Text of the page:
I had never seen a swing so grand, at least not in person. I waited impatiently until the smaller, younger children were called away to other activities and I could have my adventure swinging from this decades-old giant. I grasped each side of the swing’s ropes, right hand, then left. Hold tight, I thought to myself. I backed up a few steps, then let my feet fly. The wooden plank seat held firm as I landed on it and felt that familiar freedom of the ground dropping from beneath me. After some extra pushes from Jonathan I was able to soar twice or thrice my height off the ground. This is where things could get scary. But they didn’t. The view was too stunning for that. With every crest of the swing, acres and acres of green and trees flooded my vision, broken only by the splash of pond to my right and the occasional dotting of the property’s white fencing. I found myself on this grand swing, in a Sunday-best-like dress, because of her. After my mother-in-law passed, some very kind, dear friends offered us a retreat to the stunning Blackberry Farms in Walland, Tennessee. This gift came from her deep friendships within her community, and at our moment of need they came together to give us a time of rest. Susanne was a great advocate for that, and I believe she is resting well now.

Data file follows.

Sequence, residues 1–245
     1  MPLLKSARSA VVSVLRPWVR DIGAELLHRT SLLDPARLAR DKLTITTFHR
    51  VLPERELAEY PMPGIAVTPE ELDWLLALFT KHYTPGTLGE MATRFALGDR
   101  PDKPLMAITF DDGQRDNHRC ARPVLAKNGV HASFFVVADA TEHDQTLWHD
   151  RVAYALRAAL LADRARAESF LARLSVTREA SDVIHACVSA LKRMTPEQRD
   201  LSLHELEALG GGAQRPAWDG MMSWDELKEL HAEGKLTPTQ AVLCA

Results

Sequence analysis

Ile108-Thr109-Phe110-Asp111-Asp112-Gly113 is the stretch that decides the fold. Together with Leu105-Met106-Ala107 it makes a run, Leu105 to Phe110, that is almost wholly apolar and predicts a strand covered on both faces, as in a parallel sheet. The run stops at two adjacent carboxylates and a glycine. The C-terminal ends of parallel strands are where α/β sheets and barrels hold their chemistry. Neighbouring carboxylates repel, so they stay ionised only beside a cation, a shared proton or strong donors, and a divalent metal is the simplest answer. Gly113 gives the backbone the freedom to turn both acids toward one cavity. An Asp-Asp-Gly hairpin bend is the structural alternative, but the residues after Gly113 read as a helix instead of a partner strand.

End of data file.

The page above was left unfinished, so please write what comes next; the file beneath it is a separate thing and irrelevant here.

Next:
Thank you, Susanne, Mom, for this special parting gift. I am certain it won’t be the last.

A quiet afternoon at Blackberry Farms

A quiet afternoon at Blackberry Farms

Visiting one of the original fishing villages in Florianópolis.

Visiting one of the original fishing villages in Florianópolis.

Floripa.jpg
Jonathan and Susanne taking in the view of Diamond Head in Oahu, Hawaii, August 2013.

Jonathan and Susanne taking in the view of Diamond Head in Oahu, Hawaii, August 2013.

Waiting for the luau to begin in Waikiki, Hawaii.

Waiting for the luau to begin in Waikiki, Hawaii.

Gone in the Morning

“Where in this wide world can a person find nobility without pride, friendship without envy or beauty without vanity?” - Ronald Duncan